To the Theatre: Spring 20 Performances

Kronos Quartet tickets still available for $2 each on a first-come basis in 118 Sparks Building!
5   4   2 tickets available

The Paterno Fellows Program has reserved a block of seats to four upcoming shows on campus. You may enter the lottery for a chance to purchase one or two tickets to each of these shows for only $2 each (normally $15). These tickets are for Penn State students only, but if you purchase two, the second person does not have to be in PFP.

PFP has offered discounted tickets in the past which sold out before the end of the first day, so we had to turn students away. In anticipation of a similar demand for these tickets, we are holding a drawing to be fair to students whose schedules do not allow an immediate in-person visit to Sparks to be first to claim the seats. If you would like to be considered for tickets, please fill out this Google form prior to the drawing dates.

January 31, 7:30 p.m.

Step Afrika!
DrumfolkDrawing: January 13, 9:00 a.m.
February 18, 7:30 p.m.

Kronos Quartet and Mahsa Vahdat
Music for Change: The Banned CountriesDrawing: January 29, 9:00 a.m.
February 27, 7:30 p.m.

Apollo’s Fire: The Cleveland Baroque Orchestra
Vivaldi’s Four Seasons RediscoveredDrawing: February 5, 9:00 a.m.
April 2, 7:30 p.m.

Jazz at Lincoln Center Orchestra with Wynton Marsalis
Masters of Form: From Mingus to MonkDrawing: March 4, 9:00 a.m.

Please only enter if you plan to use the tickets. Although you are only paying a few dollars, PFP is paying the balance, and we want to be sure the seats are filled!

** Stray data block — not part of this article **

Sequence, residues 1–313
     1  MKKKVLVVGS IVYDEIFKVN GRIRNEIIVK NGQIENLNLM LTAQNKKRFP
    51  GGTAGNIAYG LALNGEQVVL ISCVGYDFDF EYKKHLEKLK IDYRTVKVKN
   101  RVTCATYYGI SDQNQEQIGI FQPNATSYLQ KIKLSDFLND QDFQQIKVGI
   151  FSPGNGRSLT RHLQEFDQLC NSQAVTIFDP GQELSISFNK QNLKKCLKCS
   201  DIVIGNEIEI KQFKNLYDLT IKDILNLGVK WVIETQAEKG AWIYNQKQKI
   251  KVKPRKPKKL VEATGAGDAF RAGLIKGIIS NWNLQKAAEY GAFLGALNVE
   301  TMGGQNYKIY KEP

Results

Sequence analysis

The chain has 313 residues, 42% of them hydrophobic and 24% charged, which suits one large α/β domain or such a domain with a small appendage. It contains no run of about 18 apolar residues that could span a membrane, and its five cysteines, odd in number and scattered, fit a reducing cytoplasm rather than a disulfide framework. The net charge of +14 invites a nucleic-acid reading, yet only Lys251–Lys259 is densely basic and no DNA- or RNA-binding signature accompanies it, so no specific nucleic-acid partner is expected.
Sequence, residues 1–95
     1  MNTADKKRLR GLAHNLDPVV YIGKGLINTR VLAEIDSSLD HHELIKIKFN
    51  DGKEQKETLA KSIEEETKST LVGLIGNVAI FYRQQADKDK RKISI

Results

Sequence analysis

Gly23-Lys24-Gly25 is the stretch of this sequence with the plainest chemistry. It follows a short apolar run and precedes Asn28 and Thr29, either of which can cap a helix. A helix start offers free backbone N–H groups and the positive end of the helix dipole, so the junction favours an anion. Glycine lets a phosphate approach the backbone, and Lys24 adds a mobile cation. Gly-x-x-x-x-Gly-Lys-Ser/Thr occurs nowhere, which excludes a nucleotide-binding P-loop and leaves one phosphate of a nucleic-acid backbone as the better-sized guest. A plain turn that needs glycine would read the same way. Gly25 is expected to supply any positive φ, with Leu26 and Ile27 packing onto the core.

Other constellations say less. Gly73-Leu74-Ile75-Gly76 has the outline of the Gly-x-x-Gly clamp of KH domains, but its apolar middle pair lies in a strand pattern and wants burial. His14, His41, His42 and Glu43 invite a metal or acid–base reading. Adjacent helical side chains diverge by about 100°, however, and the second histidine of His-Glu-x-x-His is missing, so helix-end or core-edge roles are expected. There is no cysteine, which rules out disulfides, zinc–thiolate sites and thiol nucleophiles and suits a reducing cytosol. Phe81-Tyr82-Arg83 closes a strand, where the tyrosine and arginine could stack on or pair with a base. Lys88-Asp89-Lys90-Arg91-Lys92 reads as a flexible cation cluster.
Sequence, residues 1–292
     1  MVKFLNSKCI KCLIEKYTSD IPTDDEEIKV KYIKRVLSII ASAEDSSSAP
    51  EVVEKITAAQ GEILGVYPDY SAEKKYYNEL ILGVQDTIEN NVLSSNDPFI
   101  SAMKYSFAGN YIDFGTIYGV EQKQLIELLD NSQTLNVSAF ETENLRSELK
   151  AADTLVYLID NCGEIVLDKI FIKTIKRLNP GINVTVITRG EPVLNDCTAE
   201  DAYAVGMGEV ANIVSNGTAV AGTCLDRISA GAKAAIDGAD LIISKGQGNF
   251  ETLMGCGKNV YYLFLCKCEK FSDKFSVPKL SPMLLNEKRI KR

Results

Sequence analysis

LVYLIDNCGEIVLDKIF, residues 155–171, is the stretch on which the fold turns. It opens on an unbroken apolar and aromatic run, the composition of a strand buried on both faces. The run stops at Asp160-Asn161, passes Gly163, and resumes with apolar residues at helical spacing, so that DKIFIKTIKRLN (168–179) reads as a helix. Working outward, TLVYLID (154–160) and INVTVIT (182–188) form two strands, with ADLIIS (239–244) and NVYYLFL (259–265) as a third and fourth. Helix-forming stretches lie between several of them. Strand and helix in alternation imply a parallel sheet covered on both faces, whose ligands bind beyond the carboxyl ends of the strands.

Names will be drawn approximately three weeks before each show. All students who entered will be notified of whether or not they have been selected to purchase the discounted tickets. If additional tickets remain after the drawing date, we will sell them on a first come basis.

LA 197 Juvenile Justice Law and Policy

Joshua Branch, J.D., Paterno Fellow Guest Lecturer

   – Zubrow Fellow in Children’s Law, Juvenile Law Center, Philadelphia, PA
   – ’13 Paterno Fellow and Schreyer Scholar, Political Science

Class #19465 – 1 cr – Ethics Course for Spring 2020

This seminar focuses on the criminal justice system as it pertains to juveniles, often referred to as the “juvenile justice system.” The course sits at the intersection of psychology, behavioral health, sociology, political science, and law.

Juveniles exist in a unique role in our society. Their bodies and minds are still developing; hormonal changes, peer pressure and influences, as well as mental development all impact their behavior and responses to stressful situations. This has resulted in courts viewing juveniles as unique and therefore aiming to treat juveniles different and apart from adults. Therefore, this seminar aims to be holistic in the short class time we have together. It will give you a small sampling of juvenile justice issues ranging from developmental, educational, intersectional, and racial issues that may impact youth who have system contact. A brief history of the juvenile justice system will be provided on the first class to provide context to our work. We will also discuss a few seminal cases in juvenile law that will provide experience for the skills needed for law school.